1911 Encyclopædia Britannica/Saint-Just, Antoine Louis Léon de Richebourg de

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1911 Encyclopædia Britannica, Volume 24
Saint-Just, Antoine Louis Léon de Richebourg de

SAINT-JUST, ANTOINE LOUIS LEON DE RICHEBOURG DE (1767–1794), French revolutionary leader, was born at Decize in the Nivernais on the 25th of August 1767. At the outbreak of the Revolution, intoxicated with republican ideas, he threw himself with enthusiasm into politics, was elected an officer in the National Guard of the Aisne, and by fraud—he being yet under age—admitted as a member of the electoral assembly of his district. Early in 1789 he had published twenty cantos of licentious verse, in the fashion of the time, under the title of Organt au Vatican. Henceforward, however, he assumed a stoical demeanour, which, united to a policy tyrannical and pitilessly thorough, became the characteristic of his life. He entered into correspondence with Robespierre, who, flattered by his worship, admitted him to his friendship. Thus supported, Saint-Just became deputy of the department of Aisne to the National Convention, where he made his first speech on the condemnation of Louis XVI.—gloomy, fanatical, remorseless in tone—on the 13th of November 1792. In the Convention, in the Jacobin Club, and among the populace his relations with Robespierre became known, and he was dubbed the “St John of the Messiah of the People.” His appointment as a member of the Committee of Public Safety placed him at the centre of the political fever-heat. In the name of this committee he was charged with the drawing up of reports to the Convention upon the absorbing themes of the overthrow of the party of the Gironde (report of the 8th of July 1793), of the Hérbertists, and finally, of that denunciation of Danton which consigned him and his followers to the guillotine. What were then called reports were rather appeals to the passions; in Saint-Just’s hands they furnished the occasion for a display of fanatical daring, of gloomy eloquence, and of undoubted genius; and—with the shadow of Robespierre behind him—they served their turn. Camille Desmoulins, in jest and mockery, said of Saint-Just—the youth with the beautiful countenance and the long fair locks—“He carries his head like a Holy Sacrament.” “And I,” savagely replied Saint-Just, “will make him carry his like a Saint Denis.” The threat was not vain: Desmoulins accompanied Danton to the scaffold. The same ferocious inflexibility animated Saint-Just with reference to the external policy of France. He proposed that the National Convention should itself, through its committees, direct all military movements and all branches of the government (report of the 10th of October 1793). This was agreed to, and Saint-Just was despatched to Strassburg, in company with another deputy, to superintend the military operations. It was suspected that the enemy without was being aided by treason within. Saint-Just’s remedy was direct and terrible: he followed his experience in Paris, “organized the Terror,” and soon the heads of all suspects sent to Paris were falling under the guillotine. But there were no executions at Strassburg, and Saint-Just repressed the excesses of J. G. Schneider (q.v.), who as public prosecutor to the revolutionary tribunal of the Lower Rhine had ruthlessly applied the Terror in Alsace. Schneider was sent to Paris and guillotined. The conspiracy was defeated, and the armies of the Rhine and Moselle having been inspirited by success—Saint-Just himself taking a fearless part in the actual fighting—and having effected a junction, the frontier was delivered and Germany invaded. On his return Saint-Just was made president of the Convention. Later, with the army of the North, he placed before the generals the dilemma of victory over the enemies of France or trial by the dreaded revolutionary tribunal; and before the eyes of the army itself he organized a force specially charged with the slaughter of those who should seek refuge by flight. Success again crowned his efforts, and Belgium was gained for France (May, 1794). Meanwhile affairs in Paris looked gloomier than ever, and Robespierre recalled Saint-Just to the capital. Saint-Just proposed a dictatorship as the only remedy for the convulsions of society. At last, at the famous sitting of the 9th Thermidor, he ventured to present as the report of the committees of General Security and Public Safety a document expressing his own views, a sight of which, however, had been refused to the other members of committee on the previous evening. Then the storm broke. He was vehemently interrupted, and the sitting ended with an order for Robespierre’s arrest (see Robespierre). On the following day, the 28th of July 1794, twenty-two men, nearly all young, were guillotined. Saint-Just maintained his proud self-possession to the last.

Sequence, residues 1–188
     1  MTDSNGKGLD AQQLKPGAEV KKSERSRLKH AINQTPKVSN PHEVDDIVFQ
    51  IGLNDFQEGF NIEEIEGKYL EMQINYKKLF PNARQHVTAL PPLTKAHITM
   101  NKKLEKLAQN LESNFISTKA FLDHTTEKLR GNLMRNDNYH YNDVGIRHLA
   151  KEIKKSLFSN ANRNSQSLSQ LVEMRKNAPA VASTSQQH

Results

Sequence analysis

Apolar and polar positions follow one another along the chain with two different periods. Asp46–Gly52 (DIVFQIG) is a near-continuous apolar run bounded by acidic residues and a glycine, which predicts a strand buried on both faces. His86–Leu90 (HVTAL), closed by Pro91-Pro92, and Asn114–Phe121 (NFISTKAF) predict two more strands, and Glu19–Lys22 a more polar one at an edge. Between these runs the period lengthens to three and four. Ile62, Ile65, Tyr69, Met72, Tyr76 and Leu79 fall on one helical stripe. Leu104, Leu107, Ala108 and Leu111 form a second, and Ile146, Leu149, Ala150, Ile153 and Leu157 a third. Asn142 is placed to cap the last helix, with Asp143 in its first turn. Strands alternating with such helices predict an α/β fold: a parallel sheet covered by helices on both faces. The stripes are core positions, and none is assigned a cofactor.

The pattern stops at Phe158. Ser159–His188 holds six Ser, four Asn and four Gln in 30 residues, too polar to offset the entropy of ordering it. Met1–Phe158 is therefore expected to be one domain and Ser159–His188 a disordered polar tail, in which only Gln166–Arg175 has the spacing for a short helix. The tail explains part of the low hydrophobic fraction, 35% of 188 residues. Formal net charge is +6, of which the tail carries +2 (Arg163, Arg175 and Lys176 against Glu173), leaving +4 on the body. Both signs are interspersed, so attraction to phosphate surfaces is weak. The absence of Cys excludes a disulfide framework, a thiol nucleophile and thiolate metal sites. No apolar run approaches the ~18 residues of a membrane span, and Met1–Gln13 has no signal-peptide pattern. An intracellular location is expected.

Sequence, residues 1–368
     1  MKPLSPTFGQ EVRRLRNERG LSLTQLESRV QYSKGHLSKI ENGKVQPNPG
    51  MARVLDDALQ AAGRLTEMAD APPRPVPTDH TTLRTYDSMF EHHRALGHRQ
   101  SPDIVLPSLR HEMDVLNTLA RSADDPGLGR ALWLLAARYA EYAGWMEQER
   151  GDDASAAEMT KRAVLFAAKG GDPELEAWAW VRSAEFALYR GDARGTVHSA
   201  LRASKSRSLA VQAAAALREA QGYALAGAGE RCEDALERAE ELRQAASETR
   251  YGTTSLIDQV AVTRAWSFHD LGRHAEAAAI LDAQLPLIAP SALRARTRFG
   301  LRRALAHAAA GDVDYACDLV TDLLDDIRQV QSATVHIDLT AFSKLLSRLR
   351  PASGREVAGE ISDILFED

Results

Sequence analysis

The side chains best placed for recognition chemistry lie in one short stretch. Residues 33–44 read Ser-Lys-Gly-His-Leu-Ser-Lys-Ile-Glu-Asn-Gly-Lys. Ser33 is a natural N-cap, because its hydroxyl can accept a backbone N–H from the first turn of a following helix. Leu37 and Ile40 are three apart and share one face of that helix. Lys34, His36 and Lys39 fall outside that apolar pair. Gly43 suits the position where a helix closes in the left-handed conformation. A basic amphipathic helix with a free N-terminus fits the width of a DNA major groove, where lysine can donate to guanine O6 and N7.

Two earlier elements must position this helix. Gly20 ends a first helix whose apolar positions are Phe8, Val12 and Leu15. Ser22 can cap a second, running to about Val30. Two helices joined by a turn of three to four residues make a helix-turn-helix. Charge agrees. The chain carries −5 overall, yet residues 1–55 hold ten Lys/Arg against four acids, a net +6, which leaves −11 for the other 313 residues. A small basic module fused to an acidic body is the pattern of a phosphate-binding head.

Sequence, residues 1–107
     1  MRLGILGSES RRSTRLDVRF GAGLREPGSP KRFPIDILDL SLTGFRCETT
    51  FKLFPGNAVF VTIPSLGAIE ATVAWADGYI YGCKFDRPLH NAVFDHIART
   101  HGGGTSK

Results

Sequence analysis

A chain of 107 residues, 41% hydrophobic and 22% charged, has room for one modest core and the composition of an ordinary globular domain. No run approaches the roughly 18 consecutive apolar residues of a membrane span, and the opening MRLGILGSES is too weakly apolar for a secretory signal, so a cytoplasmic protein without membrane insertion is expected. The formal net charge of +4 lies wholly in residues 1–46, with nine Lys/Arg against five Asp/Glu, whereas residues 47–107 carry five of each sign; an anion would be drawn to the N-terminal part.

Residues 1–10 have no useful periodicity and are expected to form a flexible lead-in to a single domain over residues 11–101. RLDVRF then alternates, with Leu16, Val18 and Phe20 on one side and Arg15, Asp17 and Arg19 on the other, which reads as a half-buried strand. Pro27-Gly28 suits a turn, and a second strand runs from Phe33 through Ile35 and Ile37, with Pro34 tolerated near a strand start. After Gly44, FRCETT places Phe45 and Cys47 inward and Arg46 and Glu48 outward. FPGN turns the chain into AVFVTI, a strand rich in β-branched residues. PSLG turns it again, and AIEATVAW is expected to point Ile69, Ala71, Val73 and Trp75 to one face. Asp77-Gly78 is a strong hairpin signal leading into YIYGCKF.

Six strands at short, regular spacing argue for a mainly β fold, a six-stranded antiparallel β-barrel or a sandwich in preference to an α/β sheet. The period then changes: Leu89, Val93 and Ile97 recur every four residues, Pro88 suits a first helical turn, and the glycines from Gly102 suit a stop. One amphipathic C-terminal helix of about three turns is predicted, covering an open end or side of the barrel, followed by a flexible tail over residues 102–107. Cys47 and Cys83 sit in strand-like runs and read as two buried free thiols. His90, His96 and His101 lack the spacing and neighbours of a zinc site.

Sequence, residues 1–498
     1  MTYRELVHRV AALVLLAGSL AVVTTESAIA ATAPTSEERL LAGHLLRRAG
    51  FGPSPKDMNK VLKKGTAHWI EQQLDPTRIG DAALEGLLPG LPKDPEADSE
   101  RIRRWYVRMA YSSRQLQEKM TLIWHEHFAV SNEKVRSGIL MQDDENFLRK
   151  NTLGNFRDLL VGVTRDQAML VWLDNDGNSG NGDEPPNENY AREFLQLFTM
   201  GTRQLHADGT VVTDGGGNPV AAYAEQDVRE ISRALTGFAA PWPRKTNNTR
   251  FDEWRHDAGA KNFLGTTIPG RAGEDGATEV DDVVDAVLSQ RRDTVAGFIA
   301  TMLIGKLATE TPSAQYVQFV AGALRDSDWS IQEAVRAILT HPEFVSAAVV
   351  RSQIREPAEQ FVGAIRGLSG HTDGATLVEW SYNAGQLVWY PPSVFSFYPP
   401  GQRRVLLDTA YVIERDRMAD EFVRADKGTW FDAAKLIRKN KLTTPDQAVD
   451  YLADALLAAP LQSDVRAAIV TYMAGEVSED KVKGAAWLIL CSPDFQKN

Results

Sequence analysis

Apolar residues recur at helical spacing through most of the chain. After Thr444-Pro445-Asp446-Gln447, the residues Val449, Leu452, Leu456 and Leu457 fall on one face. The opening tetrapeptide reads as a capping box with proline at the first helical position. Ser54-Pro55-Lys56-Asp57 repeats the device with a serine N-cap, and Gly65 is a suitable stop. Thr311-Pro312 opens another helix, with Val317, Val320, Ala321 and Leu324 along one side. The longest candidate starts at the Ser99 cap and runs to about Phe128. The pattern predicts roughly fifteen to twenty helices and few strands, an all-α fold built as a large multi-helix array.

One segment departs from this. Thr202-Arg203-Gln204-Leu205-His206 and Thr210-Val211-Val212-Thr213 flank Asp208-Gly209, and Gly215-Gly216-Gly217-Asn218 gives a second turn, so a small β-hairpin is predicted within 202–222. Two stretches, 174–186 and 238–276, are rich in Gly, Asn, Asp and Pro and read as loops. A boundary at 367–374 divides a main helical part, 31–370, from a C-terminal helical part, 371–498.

See Œuvres de Saint-Just, précédées d’une notice historique sur sa vie (Paris, 1833–1834); E. Fleury, Etudes révolutionnaires (2 vols., 1851), with which cf. articles by Sainte Beuve (Causeries du lundi, vol. v.), Cuvillier-Fleury (Portraits politiques et révolutionnaires); E. Hamel, Histoire de Saint-Just (1859), which brought a fine to the publishers for outrage on public decency; F. A. Aulard, Les Orateurs de la Législative et de la Convention (2nd ed., Paris, 1905). The Œuvres complètes de Saint-Just have been edited with notes by C. Vellay (Paris, 1908).